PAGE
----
Discuss the shared goal of bringing working M&S
applications matching real world problems into tactical use.
Discuss approaches for backwards compatibility to
HLA/RTI and DIS technologies which don’t constrain
emergence of new capabilities. Explore specific bridging
approaches for HLA/RTI and DIS over web channels.
Discuss compatibility with the Joint Technical Architecture
Explore integration of C4I systems to augment joint
common operational picture.
Discuss approaches for playback capture.
Identify technology availability: immediate, near-term (1-2
years), likely (3-5 years), problematic.
19-20 August 2002
Design Ideas
Object-oriented programs + validatable structured data
Repeatable programming metaphors + XML tagsets/registries
Language and object-system independent
e.g. CORBA/IDL, SOAP, RMI/RPC, others
Design patterns unambiguously define language bindings
Map representations, component models from root XML schemas
to programming languages and API bindings of interest
Wire protocols unambiguously, flexibly defined using XML
Run-time extensibility, portability, interoperability for streams
 Packet description language -or- direct mappability from Schema
19-20 August 2002
Design Ideas
Time services support wide-area routing and playback
Participating computer clocks all set correctly(!) via NTP or GPS
 RTP for all stream headers
 SMIL for stream synchronization
 Higher-level time abstractions communicable by system
 What about supercomputer batch-mode asynchronous?
Infrastructure represented as objects in system
Enable object and service discovery at runtime
 Ability to monitor, test, improve systems at local and global scale
19-20 August 2002
Business Model 1
Minimal architecture is open source implementation
Royalty free, usable without any fee restrictions whatsoever
Important to have two or more interoperable implementations
Commercial implementations profitably augment open source
Long-term stable infrastructure enables sustainable business
Flexible architecture broadens market: not “just” military simulation,
also full World Wide Web via open/secure Internets
Web-enabled architecture allows more sponsors to participate, which
allows simulations, models, and applications to survive despite
intermittent funding profiles
Transferable career-building skills and reusable experience for
programmers and managers
19-20 August 2002
Business Model 2
Commercial models in partnership with open-source
 Offer programming skill for a fee and give up rights to the source if it
is infrastructure related.
Proprietary software
 A vendor may write a simulator that runs on top of the free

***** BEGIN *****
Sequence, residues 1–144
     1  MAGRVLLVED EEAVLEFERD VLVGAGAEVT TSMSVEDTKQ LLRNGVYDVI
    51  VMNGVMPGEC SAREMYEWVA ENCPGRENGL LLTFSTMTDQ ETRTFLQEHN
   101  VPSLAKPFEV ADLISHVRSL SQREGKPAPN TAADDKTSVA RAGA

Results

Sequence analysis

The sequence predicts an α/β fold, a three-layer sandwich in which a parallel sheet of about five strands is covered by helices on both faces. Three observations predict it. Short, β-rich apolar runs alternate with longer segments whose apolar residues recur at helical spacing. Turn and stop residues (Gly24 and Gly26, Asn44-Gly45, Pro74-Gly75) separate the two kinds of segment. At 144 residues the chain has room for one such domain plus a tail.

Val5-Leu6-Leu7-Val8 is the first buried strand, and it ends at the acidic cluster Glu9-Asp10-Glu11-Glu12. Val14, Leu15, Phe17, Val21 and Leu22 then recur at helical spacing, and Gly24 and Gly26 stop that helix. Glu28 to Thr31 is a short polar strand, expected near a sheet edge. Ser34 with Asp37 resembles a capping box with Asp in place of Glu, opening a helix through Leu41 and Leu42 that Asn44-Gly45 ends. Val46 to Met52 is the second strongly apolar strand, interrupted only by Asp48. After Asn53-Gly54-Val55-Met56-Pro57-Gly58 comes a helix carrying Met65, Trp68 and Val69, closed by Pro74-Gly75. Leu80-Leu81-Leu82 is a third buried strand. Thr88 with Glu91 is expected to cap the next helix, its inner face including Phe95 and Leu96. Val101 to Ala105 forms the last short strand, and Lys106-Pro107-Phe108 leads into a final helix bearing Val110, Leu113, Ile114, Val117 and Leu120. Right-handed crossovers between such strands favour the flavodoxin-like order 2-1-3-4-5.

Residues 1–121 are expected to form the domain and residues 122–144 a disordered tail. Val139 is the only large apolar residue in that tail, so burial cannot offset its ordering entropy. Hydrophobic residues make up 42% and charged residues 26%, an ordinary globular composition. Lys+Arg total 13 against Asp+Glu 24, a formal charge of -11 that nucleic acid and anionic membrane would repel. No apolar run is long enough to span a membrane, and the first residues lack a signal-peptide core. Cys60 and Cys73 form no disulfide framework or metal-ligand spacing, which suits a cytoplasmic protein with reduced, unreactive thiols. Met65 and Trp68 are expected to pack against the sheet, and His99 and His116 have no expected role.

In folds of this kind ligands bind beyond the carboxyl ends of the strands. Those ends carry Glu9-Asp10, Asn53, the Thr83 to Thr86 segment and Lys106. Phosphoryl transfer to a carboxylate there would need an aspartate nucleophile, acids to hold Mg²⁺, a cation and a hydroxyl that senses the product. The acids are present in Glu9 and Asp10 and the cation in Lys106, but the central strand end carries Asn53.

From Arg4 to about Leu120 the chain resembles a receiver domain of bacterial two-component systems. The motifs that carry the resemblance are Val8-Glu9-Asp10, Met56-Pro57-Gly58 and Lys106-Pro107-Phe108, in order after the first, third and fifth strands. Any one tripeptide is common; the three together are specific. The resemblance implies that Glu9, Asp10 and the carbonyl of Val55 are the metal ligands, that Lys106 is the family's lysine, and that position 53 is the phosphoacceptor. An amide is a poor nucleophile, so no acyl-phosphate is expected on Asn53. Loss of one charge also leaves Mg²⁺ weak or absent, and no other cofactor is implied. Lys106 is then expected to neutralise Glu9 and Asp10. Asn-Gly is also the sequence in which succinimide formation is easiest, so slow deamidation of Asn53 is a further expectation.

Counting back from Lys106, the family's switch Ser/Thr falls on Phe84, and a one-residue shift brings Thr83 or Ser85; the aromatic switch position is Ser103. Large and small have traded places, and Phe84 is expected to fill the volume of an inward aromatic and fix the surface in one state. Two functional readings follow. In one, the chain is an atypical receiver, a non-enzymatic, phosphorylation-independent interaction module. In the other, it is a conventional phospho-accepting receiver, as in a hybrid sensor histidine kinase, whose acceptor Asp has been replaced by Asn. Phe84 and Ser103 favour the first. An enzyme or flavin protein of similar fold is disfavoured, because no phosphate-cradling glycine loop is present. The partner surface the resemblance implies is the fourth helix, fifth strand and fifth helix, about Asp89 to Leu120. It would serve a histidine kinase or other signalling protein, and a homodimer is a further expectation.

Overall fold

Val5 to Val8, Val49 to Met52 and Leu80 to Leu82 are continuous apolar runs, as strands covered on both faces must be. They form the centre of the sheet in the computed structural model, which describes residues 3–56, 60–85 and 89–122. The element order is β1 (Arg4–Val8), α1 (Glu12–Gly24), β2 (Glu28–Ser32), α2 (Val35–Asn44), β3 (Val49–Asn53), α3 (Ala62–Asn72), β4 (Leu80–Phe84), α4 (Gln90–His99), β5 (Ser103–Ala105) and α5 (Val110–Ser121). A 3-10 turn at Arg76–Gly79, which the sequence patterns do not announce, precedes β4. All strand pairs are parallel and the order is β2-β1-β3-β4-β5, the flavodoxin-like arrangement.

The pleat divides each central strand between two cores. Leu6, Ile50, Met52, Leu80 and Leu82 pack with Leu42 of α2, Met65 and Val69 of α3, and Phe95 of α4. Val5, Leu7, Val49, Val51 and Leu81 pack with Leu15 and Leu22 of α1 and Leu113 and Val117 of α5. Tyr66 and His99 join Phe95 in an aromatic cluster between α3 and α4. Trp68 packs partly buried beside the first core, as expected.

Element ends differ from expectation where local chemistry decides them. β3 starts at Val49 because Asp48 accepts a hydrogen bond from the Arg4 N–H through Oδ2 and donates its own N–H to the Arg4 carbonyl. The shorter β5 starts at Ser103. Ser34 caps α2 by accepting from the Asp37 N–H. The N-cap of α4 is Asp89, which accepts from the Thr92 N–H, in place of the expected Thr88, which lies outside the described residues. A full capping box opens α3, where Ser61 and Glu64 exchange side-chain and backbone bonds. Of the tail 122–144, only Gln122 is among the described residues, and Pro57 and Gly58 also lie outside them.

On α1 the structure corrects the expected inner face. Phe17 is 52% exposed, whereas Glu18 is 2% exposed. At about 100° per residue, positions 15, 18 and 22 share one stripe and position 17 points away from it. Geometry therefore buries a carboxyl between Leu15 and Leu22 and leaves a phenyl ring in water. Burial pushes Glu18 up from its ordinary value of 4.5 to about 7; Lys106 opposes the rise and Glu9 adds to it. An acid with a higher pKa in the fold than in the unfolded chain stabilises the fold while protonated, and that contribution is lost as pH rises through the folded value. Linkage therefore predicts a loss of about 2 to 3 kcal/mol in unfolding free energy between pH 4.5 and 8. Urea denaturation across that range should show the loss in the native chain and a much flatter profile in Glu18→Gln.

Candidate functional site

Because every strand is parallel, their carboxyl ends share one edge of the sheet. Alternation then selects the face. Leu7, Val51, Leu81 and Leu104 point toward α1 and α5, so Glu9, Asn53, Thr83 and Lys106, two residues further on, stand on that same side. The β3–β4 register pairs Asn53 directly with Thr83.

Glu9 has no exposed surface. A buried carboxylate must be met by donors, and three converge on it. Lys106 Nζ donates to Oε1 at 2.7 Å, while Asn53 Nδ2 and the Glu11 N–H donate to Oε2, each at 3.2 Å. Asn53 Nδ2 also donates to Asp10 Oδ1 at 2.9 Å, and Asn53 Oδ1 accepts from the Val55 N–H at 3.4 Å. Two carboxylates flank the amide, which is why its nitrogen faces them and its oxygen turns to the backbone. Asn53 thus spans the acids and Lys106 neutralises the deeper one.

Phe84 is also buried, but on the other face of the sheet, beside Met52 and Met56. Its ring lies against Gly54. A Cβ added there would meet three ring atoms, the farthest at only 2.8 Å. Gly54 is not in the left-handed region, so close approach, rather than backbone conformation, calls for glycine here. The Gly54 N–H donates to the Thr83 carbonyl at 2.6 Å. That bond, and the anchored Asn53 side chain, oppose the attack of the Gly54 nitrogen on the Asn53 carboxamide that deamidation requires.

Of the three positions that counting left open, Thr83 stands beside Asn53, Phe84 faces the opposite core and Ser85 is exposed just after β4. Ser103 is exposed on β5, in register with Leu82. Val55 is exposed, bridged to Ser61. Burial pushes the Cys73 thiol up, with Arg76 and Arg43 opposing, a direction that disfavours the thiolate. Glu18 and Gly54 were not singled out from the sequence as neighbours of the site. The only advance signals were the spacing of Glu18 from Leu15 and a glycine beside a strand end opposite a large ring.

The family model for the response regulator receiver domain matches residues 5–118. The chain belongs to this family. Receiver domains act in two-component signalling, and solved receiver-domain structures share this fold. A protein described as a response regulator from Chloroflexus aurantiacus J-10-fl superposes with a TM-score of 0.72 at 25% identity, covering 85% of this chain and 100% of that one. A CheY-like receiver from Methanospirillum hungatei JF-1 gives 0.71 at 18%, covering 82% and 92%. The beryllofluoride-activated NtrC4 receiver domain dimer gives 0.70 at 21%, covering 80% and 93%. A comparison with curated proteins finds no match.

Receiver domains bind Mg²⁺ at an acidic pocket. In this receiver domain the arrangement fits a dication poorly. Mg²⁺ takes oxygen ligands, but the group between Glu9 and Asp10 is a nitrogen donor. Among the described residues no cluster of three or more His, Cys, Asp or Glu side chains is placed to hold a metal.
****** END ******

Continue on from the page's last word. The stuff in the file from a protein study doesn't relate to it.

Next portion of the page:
infrastructure. They can use any license they like on this and sell it
as they see fit.
 Someone needs to put together the simulations. Even if all the parts
are free, this is a salable service.
 Numerous success stories exist.
Success of the overall endeavor is key to business success.
19-20 August 2002
DoD Business Model
Commercial technology is crucial
We can’t do it alone
Special technology requirements harmful
Translate into always spending too much for unique,
outdated technology
Nothing succeeds like success
Slipstreaming standards and industry “best practices”
makes best sense for industry partners too
19-20 August 2002
Open Issues
Source code control
Interoperability test suite and certification shows conformance
Source forking no longer divisive issue, let many flowers bloom
“Actual results” validation through use with tactical systems
What are good driving exemplar applications?
Reality pulls teams through the big design space
Must show significant “value add” to current practices plus current excitement
Can we extend some existing systems (e.g. HLA/RTI capable), show
interoperability with legacy systems via good examples?
e.g. NSS, OneSAF, ITEM
Multiple inheritance – no; multiple interfaces – yes
Do we need a specified method for distributed synchronization, or is
open architecture supporting different models sufficient?
19-20 August 2002
Recent work: workshop on
software componentization
July 2002, DMSO, DC
Consensus seemed to be:
components are a worthwhile approach to consider for
improving composability and interoperability of diverse
interacting simulations
component technology is sufficiently mature and well defined for
building exemplars
Slidesets and conclusions available? _____
19-20 August 2002
19-20 August 2002
Don Brutzman
Michael Zyda
Don McGregor
Andrzej Kapolka
[email protected]
[email protected]
[email protected]
[email protected]
Mark Pullen
[email protected]
Katherine Morse
Steve Fouskarinis
[email protected]
[email protected]
19-20 August 2002
Root 200B (by Don’s office)
Spanagel 254 (by Mike’s office)
M + S:
Right here in auditorium
19-20 August 2002

Agenda - MOVES Institute